An Indian is an Indian regardless of the degree of Indian blood or which little government card they do or do not possess” (Wilma Mankiller, Principle Chief of the Cherokee Nation)
“I am weary of your quarrels, weary of your wars and bloodshed, weary of your prayers for vengeance, of your wrangling and dissensions.” Henry Wadsworth Longfellow, Song of Hiawatha)
“There is a very wise Native American saying: Every time you point a finger in scorn, there are three remaining fingers pointing back at you” (Alyson Noel, Fated)
In 2005, Jim Miller, Native Spiritual Leader, Vietnam War Veteran, and recovering alcoholic, had a vision within a dream of a nightmare journey east, on horseback; which ended at a frigid place beside a river where he saw 38 of his ancestors hanging from a wooden scaffold. Unable to shake the grim and haunting aftermath of this undeniably powerful dream, Miller subsequently learned that 38 of his ancestors had indeed been garroted at a site along the banks of the Minnesota River. The U.S. Dakota War, also known as the Sioux Uprising, was a nightmare conflict which had suddenly erupted between white settlers and native Indians, which came to a grisly end on December 26 th 1862 in the town of Mankato. After waiting there, in the icy chill of that frigid morning, 38 condemned warriors, covered in their tribal war paint and blankets, were slowly marched onto to a wooden platform, heads covered with white muslin hoods and simultaneously hung. At the very last minute, many struggled to free their hands in order to reach out to one another as they sang their last Dakota song. Thousands gathered on that day after Christmas, to witness the largest mass execution in U.S. history. The bodies of the condemned were summarily hauled off for a brief mass burial in a shallow trench, hastily dug into a sand bar along the river. Shortly after nightfall, many were hastily exhumed in order to serve as cadavers for medical research.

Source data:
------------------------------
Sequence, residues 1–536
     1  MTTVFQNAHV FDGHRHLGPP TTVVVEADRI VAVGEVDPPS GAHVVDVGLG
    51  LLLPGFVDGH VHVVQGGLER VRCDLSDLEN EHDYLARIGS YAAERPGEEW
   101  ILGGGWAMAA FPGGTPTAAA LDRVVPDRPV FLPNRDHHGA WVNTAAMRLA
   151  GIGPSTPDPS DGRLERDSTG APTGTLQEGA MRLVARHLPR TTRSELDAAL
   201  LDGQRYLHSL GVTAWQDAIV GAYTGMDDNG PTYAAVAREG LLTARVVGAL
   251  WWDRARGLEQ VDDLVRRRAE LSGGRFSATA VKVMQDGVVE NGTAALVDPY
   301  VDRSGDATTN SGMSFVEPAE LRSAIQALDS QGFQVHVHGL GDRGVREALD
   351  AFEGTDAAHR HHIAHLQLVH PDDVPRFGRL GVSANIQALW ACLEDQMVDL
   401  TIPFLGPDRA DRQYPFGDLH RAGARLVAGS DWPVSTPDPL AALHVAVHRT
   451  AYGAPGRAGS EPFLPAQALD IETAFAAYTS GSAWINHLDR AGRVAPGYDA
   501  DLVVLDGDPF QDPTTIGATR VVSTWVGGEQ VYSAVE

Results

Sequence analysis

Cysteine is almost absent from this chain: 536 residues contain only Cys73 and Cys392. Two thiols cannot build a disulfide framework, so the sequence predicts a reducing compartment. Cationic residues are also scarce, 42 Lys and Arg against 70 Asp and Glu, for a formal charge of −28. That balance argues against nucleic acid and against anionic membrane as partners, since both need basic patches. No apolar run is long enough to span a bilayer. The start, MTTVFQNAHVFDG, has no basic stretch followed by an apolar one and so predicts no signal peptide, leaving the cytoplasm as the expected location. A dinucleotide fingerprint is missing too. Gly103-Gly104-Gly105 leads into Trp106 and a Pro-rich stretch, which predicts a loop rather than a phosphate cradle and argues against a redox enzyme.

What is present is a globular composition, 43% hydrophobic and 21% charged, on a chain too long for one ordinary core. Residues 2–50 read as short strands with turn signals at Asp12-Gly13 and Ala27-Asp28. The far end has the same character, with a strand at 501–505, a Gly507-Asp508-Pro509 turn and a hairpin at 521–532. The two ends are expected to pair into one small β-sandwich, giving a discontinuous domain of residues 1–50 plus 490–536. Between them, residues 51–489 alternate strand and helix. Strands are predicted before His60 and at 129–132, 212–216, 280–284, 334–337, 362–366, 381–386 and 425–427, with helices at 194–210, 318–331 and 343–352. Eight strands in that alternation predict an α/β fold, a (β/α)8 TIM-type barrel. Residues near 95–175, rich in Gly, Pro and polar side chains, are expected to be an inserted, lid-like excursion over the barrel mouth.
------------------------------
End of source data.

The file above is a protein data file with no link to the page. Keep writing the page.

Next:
Heartened by his discovery of the stark historical reality of these executions, along with the sustaining power of his vision, Miller organized a communal ride on horseback to trace the route of his dream journey back to the Minnesota homeland of the Dakota people. In a heartfelt search for healing and reconciliation their goal was to reach the hanging place in Mankato on the anniversary date of December 26th.
And so, a band of dedicated riders, led by tribal elders, made their way from their Lower Brule Reservation in South Dakota, along a 330 mile journey to Mankato, Minnesota; undeterred by the inevitable challenges of travel amidst severe, occasionally blizzard, mid- winter conditions. Miller was especially hopeful that this, admittedly challenging, ride might provide inspiration for a new generation of lost and angry Native Americans . He prayed together with them for the strength to combat and escape that darkness which comes from anger in the heart. His message carried an imperative and urgent need, for the young to take heart and press on forward toward a more hopeful future; through perseverance, inspiration, and the healing power of forgiveness. Miller’s vision was also inclusive, because he invited any and all who shared this goal of forgiveness and reconciliation, even those with anger in their hearts, to ride along.